Creed is almost certain to be a popular film, whether or not it's well received critically. The fact that new boxing films are made just about every year is testament to the fact that the public still enjoys them (even if the sport itself is essentially disappearing). In 2006, Rocky Balboa was criticized somewhat before its release due to some complaints that Stallone should just stop already. However, it received generally favorable reviews, and even made more than $150 million worldwide. Creed will look to build on that success, with Stallone sliding into a mentor role and Michael B. Jordan, one of the hottest up-and-coming actors in Hollywood, playing Apollo Creed's son.
But film aside, gaming enthusiasts will be eyeing Creed with the question of whether or not it will bring about a new Rocky game. While the accompanying video games have not been as consistent or remarkable as the film series, Rocky has inspired a long history of gaming titles.
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Despite the release of Rocky V in 1990, the rest of the decade went without any new Rocky gaming releases, but in the 2000s there was something of a revival of the idea. In 2002, Ubisoft published a game, also titled just Rocky, that received great ratings and was available for Xbox, Gamecube, and Playstation 2. The game employed a fighting style and let players control any of the major boxers from the film series through a variety of multiplayer and single player tournament modes. Ubisoft made a follow-up called Rocky Legends in 2004, employing similar concepts and gameplay, though its reviews weren't quite as strong.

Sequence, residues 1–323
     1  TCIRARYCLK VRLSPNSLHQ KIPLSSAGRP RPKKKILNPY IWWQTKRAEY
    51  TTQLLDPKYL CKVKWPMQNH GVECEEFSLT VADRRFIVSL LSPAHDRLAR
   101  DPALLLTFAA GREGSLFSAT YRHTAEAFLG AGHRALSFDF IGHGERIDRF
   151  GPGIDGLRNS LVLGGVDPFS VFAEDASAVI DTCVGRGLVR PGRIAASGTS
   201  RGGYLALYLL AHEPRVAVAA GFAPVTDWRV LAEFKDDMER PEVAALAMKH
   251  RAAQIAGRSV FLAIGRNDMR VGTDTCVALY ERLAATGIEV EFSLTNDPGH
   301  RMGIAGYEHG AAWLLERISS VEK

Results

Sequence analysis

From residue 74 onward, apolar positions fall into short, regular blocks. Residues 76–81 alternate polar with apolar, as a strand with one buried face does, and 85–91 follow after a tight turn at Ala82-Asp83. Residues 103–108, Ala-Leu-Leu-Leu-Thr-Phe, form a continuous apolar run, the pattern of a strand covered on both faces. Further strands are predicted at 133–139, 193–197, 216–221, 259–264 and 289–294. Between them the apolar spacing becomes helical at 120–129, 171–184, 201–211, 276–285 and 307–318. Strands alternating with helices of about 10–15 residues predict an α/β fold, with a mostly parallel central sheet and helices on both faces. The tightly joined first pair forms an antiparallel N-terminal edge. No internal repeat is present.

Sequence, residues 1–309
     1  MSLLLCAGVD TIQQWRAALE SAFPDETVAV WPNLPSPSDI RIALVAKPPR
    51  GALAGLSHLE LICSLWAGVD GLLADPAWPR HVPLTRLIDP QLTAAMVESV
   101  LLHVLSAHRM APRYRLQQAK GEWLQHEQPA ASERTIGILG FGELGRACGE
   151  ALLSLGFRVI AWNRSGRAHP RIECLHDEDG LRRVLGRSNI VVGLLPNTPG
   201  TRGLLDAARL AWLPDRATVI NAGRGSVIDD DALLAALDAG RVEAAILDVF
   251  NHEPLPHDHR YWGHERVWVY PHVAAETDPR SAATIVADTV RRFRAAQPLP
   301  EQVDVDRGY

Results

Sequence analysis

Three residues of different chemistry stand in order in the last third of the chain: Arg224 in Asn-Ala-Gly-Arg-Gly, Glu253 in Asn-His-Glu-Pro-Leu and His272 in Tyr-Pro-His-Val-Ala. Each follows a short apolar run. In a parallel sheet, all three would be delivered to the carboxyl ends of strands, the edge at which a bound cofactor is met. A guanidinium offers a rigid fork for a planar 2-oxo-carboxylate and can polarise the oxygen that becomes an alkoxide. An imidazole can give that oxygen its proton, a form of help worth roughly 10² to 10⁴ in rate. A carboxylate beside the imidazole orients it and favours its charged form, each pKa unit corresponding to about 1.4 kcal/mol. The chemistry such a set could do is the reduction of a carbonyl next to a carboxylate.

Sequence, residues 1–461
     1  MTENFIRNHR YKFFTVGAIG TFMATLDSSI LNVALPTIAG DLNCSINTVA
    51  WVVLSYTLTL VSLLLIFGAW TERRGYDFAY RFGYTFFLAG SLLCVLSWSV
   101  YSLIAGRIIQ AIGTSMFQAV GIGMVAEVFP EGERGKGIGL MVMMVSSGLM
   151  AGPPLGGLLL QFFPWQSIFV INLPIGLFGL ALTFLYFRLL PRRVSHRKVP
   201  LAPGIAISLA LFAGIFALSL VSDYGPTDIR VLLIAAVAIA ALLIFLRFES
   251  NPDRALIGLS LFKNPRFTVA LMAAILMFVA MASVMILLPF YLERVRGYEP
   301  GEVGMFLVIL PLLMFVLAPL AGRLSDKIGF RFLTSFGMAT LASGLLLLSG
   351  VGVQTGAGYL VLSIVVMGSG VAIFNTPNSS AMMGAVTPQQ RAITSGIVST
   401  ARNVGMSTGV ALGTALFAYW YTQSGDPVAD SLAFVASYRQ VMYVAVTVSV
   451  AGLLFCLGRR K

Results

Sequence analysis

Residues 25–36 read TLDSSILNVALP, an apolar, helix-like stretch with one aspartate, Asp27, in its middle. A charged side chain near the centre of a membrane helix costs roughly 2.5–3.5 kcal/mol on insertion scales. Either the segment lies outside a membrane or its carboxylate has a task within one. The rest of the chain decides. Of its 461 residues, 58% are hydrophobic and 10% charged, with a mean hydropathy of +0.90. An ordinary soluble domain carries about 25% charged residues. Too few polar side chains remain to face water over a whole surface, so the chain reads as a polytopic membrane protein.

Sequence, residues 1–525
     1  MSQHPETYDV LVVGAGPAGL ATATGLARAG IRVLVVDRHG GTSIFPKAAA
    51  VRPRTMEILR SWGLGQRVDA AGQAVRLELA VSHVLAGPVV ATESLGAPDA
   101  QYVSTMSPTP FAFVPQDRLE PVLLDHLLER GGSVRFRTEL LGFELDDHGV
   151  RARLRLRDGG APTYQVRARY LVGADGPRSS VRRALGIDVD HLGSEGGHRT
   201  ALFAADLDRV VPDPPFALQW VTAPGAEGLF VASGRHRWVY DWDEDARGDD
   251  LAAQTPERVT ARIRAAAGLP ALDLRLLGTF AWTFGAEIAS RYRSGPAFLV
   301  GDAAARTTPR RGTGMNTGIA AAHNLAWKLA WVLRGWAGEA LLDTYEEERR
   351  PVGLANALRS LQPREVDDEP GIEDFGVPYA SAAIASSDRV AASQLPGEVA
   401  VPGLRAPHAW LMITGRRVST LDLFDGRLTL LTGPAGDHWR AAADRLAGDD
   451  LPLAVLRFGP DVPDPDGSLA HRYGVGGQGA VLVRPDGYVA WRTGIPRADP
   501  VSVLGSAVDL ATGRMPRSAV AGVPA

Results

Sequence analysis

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Now the question becomes whether or not the upcoming Creed film will inspire an entirely new Rocky-based video game. In recent years, we have seen an increased focus on training, improvement, and even coaching in gaming. In fighting and adventure genres, players always enjoy upgrading their characters, whether by purchasing new weapons, improving armor, etc., and in sports games in particular there's a lot of emphasis on the idea that practice makes perfect. You can train players, learn new skills, and generally reach new heights to take on better competition. And perhaps all of this bodes well for a game that could be based on the concept of Rocky training a young fighter, as opposed to just jumping back into the ring against the same old opponents.
At this point, that's still only an idea. But the history of Rocky in gaming is a little deeper than many might realize, and a well-designed game for new consoles, based on Creed, could be very exciting indeed.